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How much help do the Giants need at wide receiver?

Injuries destroyed the position in 2017

NFL: Dallas Cowboys at New York Giants Brad Penner-USA TODAY Sports

The wide receiver position was supposed to be a strength of the New York Giants in 2017. Instead, an unbelievable run of injuries turned the position into a major weakness.

2017 in review

Odell Beckham Jr. got hurt in a preseason game, missed the season opener and just about the time he had finally gotten healthy he fractured his ankle.

Brandon Marshall and Eli Manning never really got on the same page.

Sterling Shepard was in and out of the lineup all year.

Dwayne Harris could have helped, but he went down with a season-ending injury at the same time Beckham and Marshall did.

The Giants were left asking guys who should have been bit players, and maybe shouldn’t have been in the league at all, to try and make plays for Manning. Roger Lewis Jr, caught 36 passes, but had fallen out of favor by season’s end. Tavarres King caught 18 passes, but ended up on IR. So did Darius Powe, after one game. Preseason fan crush Travis Rudolph caught only eight passes. Guys named Kalif Raymond and Hunter Sharp also played.

Looking ahead to 2018

The Giants have three critical decisions to make at wide receiver in 2018:

  • Do they give Beckham a rich, long-term contract this offseason? My view: No. Let him play out the year and prove that a) He can fit within what Shurmur says is “what it is that we’re looking for for a guy that plays for the New York Giants,” and b) He is still the same explosive player after last season’s injury, which I believe he will be. What I think the Giants will do: I will be surprised if the Giants give Beckham a mega-deal this offseason.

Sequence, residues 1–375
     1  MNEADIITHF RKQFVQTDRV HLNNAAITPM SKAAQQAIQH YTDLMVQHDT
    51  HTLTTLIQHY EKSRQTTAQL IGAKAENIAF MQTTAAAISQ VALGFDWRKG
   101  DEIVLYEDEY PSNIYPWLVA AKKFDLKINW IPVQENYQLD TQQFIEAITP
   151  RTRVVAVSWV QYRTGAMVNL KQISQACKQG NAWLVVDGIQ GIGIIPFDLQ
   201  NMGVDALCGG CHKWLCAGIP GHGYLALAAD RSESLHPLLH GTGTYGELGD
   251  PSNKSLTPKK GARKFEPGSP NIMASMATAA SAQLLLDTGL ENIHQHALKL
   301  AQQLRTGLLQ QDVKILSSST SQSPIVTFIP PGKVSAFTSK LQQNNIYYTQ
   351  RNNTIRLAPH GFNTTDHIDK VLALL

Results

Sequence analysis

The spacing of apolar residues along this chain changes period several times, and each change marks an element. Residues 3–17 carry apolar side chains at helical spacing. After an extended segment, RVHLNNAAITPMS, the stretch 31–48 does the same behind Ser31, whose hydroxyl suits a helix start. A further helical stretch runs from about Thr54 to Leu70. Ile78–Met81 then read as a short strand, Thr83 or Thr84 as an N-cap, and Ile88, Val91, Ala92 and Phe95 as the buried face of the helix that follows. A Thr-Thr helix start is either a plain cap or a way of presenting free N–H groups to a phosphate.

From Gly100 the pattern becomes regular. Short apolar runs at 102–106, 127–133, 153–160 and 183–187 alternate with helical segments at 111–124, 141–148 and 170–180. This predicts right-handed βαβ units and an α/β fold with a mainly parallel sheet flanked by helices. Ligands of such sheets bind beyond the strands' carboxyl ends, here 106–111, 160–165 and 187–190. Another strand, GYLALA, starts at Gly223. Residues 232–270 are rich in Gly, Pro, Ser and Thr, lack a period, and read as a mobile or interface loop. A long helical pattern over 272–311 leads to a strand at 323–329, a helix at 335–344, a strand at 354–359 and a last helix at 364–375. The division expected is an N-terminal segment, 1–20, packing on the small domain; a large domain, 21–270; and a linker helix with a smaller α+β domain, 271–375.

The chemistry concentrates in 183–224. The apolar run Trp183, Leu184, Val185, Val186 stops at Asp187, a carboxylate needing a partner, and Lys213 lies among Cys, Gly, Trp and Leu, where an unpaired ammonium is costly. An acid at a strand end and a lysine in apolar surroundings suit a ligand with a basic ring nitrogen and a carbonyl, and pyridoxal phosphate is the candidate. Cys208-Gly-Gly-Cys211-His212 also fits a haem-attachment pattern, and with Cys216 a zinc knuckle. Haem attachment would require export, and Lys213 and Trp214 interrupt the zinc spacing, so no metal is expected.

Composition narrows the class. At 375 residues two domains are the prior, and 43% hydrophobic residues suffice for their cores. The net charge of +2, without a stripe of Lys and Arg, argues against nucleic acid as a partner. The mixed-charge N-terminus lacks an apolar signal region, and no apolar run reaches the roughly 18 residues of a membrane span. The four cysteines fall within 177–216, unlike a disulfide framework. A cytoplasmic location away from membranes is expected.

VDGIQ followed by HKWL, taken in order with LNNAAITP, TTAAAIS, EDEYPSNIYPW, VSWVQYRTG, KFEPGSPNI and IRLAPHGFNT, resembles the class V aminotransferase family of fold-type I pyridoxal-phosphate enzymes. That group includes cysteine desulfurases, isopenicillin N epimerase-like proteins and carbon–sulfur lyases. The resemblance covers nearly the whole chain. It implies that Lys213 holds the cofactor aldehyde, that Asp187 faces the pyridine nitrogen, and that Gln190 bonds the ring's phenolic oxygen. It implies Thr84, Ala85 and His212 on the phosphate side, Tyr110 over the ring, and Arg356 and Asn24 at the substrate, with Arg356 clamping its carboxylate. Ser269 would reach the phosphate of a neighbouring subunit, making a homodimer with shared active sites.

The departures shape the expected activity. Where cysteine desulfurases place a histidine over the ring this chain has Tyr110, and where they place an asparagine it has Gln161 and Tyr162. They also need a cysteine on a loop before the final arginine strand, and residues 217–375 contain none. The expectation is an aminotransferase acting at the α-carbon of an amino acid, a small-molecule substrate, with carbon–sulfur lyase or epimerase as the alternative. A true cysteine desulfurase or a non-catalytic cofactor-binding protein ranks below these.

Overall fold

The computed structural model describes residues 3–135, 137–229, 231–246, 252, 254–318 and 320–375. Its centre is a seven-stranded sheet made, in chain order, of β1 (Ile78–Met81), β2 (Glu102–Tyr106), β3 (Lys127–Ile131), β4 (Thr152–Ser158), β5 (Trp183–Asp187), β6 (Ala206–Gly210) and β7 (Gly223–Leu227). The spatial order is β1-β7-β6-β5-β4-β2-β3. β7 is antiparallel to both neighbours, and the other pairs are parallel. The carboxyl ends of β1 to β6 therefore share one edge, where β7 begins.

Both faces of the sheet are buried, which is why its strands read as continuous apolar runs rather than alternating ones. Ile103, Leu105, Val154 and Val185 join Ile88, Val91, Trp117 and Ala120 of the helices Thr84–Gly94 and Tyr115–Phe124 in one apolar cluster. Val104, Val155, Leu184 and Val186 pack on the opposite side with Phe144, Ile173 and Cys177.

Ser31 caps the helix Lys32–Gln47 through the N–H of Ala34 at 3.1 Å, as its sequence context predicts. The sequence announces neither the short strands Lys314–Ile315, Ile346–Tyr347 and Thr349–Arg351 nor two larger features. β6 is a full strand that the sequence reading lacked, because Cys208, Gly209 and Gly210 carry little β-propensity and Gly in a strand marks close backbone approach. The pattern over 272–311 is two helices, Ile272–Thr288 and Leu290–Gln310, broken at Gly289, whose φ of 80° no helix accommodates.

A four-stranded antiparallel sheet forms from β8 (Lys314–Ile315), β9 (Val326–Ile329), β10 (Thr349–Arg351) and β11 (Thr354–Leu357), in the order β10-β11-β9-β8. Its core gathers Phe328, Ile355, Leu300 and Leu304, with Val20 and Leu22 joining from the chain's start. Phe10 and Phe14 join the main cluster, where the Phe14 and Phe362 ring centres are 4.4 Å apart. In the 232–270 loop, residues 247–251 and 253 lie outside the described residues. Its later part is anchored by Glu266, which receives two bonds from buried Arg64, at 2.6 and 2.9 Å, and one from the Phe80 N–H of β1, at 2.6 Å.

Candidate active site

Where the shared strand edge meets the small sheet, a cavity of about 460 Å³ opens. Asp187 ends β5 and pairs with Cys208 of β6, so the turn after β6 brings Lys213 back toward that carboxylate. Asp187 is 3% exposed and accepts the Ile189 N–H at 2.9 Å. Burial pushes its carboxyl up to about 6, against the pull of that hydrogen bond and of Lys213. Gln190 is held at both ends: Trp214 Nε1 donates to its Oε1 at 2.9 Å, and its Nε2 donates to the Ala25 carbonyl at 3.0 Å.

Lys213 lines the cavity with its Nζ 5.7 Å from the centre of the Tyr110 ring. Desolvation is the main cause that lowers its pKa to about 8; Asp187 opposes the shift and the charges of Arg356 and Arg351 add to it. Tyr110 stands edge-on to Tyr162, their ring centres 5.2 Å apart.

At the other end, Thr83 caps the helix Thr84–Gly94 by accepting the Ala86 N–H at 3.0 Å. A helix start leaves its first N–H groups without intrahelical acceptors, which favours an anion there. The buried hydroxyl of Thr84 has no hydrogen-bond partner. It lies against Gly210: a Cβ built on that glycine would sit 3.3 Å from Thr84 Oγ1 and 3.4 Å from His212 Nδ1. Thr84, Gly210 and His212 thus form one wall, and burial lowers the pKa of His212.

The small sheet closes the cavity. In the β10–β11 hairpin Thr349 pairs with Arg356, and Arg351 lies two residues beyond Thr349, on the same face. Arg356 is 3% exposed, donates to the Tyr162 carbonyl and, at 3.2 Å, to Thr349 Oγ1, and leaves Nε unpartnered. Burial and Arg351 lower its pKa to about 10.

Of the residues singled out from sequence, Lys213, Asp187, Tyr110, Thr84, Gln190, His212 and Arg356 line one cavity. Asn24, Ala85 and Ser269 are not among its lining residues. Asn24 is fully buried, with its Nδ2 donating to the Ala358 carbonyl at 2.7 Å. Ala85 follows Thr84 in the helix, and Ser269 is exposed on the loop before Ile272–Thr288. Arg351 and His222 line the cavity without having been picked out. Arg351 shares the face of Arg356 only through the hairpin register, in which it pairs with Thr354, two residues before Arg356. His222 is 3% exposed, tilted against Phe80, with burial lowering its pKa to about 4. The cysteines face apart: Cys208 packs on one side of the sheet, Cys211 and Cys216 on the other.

• Keep or cut Marshall? My view: This one is easy. I never thought Marshall should have been a Giant to begin with. He will be 34, is coming off a major injury and has had one good season since 2013. Per Spotrac, the Giants can save $5.1 million against the cap by cutting him. Bye, Brandon!
  • Keep or cut Dwayne Harris? The veteran is mostly a kick returner, having caught only one pass the last two seasons. My view: The Giants can save $2.45 million against the cap by cutting the 30-year-old, and I would anticipate they will do just that.

Beyond that, the question is whether or not the Giants really need to prioritize adding players at this spot — especially if they let Marshall and Harris go.

Lewis can make plays, but his inconsistency is maddening, and King’s speed can be useful at times. Neither, though, is a full-time player. Could someone like Powe, who has intriguing size, be a factor?

Perhaps part of the answer will be in how Pat Shurmur intends to use Evan Engram. Not that the Giants would make him a wide receiver, but if they intend to split Engram off the line of scrimmage more this season perhaps that need is lessened.

Who could they add?

In the draft, Chris has already looked at some mid-round possibilities:

In free agency, there doesn’t appear to be a reason for the Giants to fish in the top, expensive end of the market. Perhaps a low-cost veteran for depth. Here is Spotrac’s lost of unrestricted free agent wide receivers. Decide for yourself who you like, and whether any are worth pursuing.